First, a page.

Comments - Traction by Erik Ramsey
September 2005 Archives
Compassionate Characters and Remorse: Poncelet vs. Young Woman
B1-1: Blogging Portfolio Ė Newswriting
Wildcard (AKA: Goals Statement essay)
The Communicator's article on Opening Liturgy in comparison to mine.
You know the drill: go read and comment. Imagine I'm a sad, forlorn puppy with only one leg that derives my only joy from your comments. You wouldn't want to make a crippled puppy sad now, would you?
"With all the sadness and trauma going on in the world at the moment, it's worth reflecting on the death of a very important person, which almost went unnoticed last week.
Larry LaPrise, the man who wrote "The Hokey Pokey," died peacefully at age 93. The most traumatic part for his family was getting him into the coffin. They put his left leg in... and then the trouble started."
Shut up, you know it's funny.
Currently reading Lost In A Good Book. It's the second novel to Eyre Affair. So funny. You know the wacky humor of Harry Potter? The irreverent descriptions of Diagon Alley and the Burrow? Yeah, this whole book is like that, only better. It's amazing, nearly every single sentence is some subtle jab at Shakespeare or Jane Austen or any book you can think of. It's the perfect book for a bibliophile. Especially if you like Austen or Shakespeare. There's also none of those unnecessary descriptions that authors like to waste their times on. It has the snappy dialogue and paragraphs similar to Artemis Fowl (but minus the stupid plots and the idiotic mind-numbing "Hi, I'm dumbed down for kids" feel). This book is almost in the league of Terry Pratchett. Helloooo, new favorite obsession.
I encourage you to comment because it will be lots of fun. And if there's one thing better than Dr. Pepper, zombies, the Finn Brothers, and Harry Potter - it's fun.
"The life and times of Jesus were recorded in fanfic form by his four biggest fanboys ó Matthew, Mark, Luke and John ó shortly after his death. Later, their works were compiled by a basement-dweller nerd named Peter into the "New Testament." Initial sales were stagnant, however, and so after conducting numerous focus groups and hiring many expensive consultants, the title was changed to "Jesus: The Reckoning." Subsequent sales skyrocketed, thereby propelling the publisher ó Catholic Church, Inc. ó into global prominence.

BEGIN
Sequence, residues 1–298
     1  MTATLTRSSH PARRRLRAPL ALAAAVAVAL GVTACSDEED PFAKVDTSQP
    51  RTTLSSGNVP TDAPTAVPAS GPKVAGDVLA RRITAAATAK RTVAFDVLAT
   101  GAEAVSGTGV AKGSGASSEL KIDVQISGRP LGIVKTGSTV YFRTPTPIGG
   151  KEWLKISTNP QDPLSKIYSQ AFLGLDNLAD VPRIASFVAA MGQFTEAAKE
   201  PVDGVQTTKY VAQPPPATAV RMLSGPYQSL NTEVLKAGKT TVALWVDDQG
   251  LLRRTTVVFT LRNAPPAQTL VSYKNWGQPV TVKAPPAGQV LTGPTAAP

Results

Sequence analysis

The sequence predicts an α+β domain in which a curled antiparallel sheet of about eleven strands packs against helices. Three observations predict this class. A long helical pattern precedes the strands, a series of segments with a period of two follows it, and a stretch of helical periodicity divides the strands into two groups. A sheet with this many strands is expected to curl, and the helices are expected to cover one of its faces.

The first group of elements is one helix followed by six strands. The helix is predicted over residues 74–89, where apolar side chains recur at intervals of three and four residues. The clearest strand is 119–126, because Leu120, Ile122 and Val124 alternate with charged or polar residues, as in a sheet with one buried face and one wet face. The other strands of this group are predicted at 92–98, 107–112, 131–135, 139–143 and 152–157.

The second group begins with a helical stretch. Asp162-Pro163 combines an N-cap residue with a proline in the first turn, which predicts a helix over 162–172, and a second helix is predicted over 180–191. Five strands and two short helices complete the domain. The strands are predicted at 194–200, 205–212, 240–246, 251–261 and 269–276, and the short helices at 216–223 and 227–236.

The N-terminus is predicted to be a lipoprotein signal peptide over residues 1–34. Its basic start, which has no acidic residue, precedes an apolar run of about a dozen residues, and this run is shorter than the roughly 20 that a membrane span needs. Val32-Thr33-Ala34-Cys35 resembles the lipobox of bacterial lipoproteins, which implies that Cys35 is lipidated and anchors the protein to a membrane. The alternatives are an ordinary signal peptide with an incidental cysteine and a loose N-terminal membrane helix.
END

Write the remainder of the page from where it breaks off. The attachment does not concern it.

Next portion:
Today, with Jesus fandom on the wane, "The Reckoning" is typically published as an anthology in conjunction with the so-called "Old Testament." This saves on printing costs, and has served to bolster sales, though one may still need to order the book at Amazon since many bookstores are stopped carrying it. Incidentally, another Jesus fanboy, Paul, invented the blog."
(from Encyclopedia Dramatica)
Heh. Fanboys. Heh. Blogs."
Everyone on my floor has gone off to the foam dance. I didn't even know what a foam dance was and figured that "foam" must be slang for something. Surely they couldn't mean actual foam... then I did a google image search and yes, yes they do. Dancing in foam: sounds like a recipe for unpleasantness.
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I'm reading this... book (I don't dare call it a novel). It's horrid and vile and disgusting and I'm half way through it and despise it beyond all means. I hate chick lit and I hate the whole "omgosh I'm so awesome and clever and cute but dammit I just can't get that guy, but everything falls in place by the end". It's about a girl who is forced to star in a play version of Pride and Prejudice and obviously - she gets the part of Elizabeth. Incredibly, a famously wealthy annoying actor is cast as Darcy. Can you see what direction this is going? Oh, and her sister is cast as Jane and she falls in love with the guy playing Bingley. There's also a smarmy news reporter who keeps trying to get in bed with our heroine but instead gets in with her roommate who is desperate for anything male. Wow. So original. There's more and it's basically exactly like Pride and Prejudice, but contemporary and lacking in the hotness of Darcy and minus the lovely, snarky humor of Austen.
I think that there is a definite decline in today's literature and it's due to lowered standards of publication. Ex: Danielle Steele, Dave Eggers, and whoever wrote that tripe Confessions of a Shopaholic, where just the glaring cover makes me want to beat it to a pulp* with Beowulf.